# Unitary operator

In functional analysis, a branch of mathematics, a unitary operator (not to be confused with a unity operator) is a bounded linear operator U : H → H on a Hilbert space H satisfying

$U^*U=UU^*=I \!$

where U is the adjoint of U, and I : H → H is the identity operator. This property is equivalent to the following:

1. U preserves the inner product 〈  ,  〉 of the Hilbert space, i.e., for all vectors x and y in the Hilbert space, $\langle Ux, Uy \rangle = \langle x, y \rangle$, and
2. U is surjective.

It is also equivalent to the seemingly weaker condition:

1. U preserves the inner product, and
2. the range of U is dense.

To see this, notice that U preserves the inner product implies U is an isometry (thus, a bounded linear operator). The fact that U has dense range ensures it has a bounded inverse U−1. It is clear that U−1 = U.

Thus, unitary operators are just automorphisms of Hilbert spaces, i.e., they preserve the structure (in this case, the linear space structure, the inner product, and hence the topology) of the space on which they act. The group of all unitary operators from a given Hilbert space H to itself is sometimes referred to as the Hilbert group of H, denoted Hilb(H).

The weaker condition UU = I defines an isometry. Another condition, U U = I, defines a coisometry.[1]

A unitary element is a generalization of a unitary operator. In a unital *-algebra, an element U of the algebra is called a unitary element if

$U^*U=UU^*=I$

where I is the identity element.[2]:55

## Examples

• Rotations in R2 are the simplest nontrivial example of unitary operators. Rotations do not change the length of a vector or the angle between 2 vectors. This example can be expanded to R3.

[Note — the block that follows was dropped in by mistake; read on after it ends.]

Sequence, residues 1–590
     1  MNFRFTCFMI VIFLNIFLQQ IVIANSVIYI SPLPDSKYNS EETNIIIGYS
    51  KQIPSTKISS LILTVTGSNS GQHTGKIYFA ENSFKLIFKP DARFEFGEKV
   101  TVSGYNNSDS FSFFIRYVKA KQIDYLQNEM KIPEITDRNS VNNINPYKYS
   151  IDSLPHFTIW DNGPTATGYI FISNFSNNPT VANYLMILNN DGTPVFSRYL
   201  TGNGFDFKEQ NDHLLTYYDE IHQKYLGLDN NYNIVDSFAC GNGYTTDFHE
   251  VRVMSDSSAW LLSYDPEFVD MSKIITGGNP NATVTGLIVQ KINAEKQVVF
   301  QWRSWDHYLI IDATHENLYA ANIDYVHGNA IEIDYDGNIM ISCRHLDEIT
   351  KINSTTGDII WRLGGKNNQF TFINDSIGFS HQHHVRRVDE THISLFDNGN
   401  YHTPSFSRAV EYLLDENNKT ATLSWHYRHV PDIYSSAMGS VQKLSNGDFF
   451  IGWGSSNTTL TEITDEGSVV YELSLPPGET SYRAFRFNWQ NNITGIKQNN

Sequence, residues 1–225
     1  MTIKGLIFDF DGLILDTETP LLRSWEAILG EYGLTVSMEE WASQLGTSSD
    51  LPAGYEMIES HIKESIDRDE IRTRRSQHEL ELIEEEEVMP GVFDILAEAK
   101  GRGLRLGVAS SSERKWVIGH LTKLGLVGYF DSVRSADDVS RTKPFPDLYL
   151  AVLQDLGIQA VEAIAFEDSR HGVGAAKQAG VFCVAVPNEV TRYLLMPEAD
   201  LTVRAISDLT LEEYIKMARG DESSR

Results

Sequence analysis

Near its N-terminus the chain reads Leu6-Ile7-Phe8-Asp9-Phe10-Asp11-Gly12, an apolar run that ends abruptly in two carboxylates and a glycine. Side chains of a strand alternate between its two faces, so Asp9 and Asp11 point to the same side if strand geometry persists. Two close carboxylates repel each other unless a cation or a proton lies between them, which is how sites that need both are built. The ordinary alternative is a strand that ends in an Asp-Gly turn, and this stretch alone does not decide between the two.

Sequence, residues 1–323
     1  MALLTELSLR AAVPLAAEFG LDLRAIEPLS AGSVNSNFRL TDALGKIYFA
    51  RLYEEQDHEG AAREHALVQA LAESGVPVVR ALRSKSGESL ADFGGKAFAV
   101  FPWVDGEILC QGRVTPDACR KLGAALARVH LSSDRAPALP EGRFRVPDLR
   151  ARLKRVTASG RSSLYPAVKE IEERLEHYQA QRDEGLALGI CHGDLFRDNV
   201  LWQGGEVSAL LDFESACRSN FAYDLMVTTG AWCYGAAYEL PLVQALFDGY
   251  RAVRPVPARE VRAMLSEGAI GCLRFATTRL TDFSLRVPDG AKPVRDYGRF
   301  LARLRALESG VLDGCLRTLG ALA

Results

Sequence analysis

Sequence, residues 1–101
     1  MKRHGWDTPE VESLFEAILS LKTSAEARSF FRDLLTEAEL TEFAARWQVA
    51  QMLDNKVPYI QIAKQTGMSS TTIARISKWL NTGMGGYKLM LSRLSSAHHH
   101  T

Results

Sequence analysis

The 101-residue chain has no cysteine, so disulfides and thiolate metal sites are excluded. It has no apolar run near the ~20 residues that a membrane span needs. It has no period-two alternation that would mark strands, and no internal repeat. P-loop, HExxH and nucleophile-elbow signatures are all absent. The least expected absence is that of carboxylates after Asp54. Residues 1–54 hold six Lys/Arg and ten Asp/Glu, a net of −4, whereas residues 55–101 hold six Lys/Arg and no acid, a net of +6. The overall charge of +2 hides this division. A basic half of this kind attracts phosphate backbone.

• On the vector space C of complex numbers, multiplication by a number of absolute value 1, that is, a number of the form ei θ for θR, is a unitary operator. θ is referred to as a phase, and this multiplication is referred to as multiplication by a phase. Notice that the value of θ modulo 2π does not affect the result of the multiplication, and so the independent unitary operators on C are parametrized by a circle. The corresponding group, which, as a set, is the circle, is called U(1).
• More generally, unitary matrices are precisely the unitary operators on finite-dimensional Hilbert spaces, so the notion of a unitary operator is a generalization of the notion of a unitary matrix. Orthogonal matrices are the special case of unitary matrices in which all entries are real. They are the unitary operators on Rn.

## Linearity

The linearity requirement in the definition of a unitary operator can be dropped without changing the meaning because it can be derived from linearity and positive-definiteness of the scalar product:

$\langle \lambda\cdot Ux-U(\lambda\cdot x), \lambda\cdot Ux-U(\lambda\cdot x) \rangle$
$= \| \lambda \cdot Ux \|^2 + \| U(\lambda \cdot x) \|^2 - \langle U(\lambda\cdot x), \lambda\cdot Ux \rangle - \langle \lambda\cdot Ux, U(\lambda\cdot x) \rangle$
$= |\lambda|^2 \cdot \| Ux \|^2 + \| U(\lambda \cdot x) \|^2 - \overline{\lambda}\cdot \langle U(\lambda\cdot x), Ux \rangle - \lambda\cdot \langle Ux, U(\lambda\cdot x) \rangle$
$= |\lambda|^2 \cdot \| x \|^2 + \| \lambda \cdot x \|^2 - \overline{\lambda}\cdot \langle \lambda\cdot x, x \rangle - \lambda\cdot \langle x, \lambda\cdot x \rangle$
$= 0$
Analogously you obtain $\langle U(x+y)-(Ux+Uy), U(x+y)-(Ux+Uy) \rangle = 0$.

## Properties

• The spectrum of a unitary operator U lies on the unit circle. That is, for any complex number λ in the spectrum, one has |λ|=1. This can be seen as a consequence of the spectral theorem for normal operators. By the theorem, U is unitarily equivalent to multiplication by a Borel-measurable f on L²(μ), for some finite measure space (X, μ). Now U U* = I implies |f(x)|² = 1 μ-a.e. This shows that the essential range of f, therefore the spectrum of U, lies on the unit circle.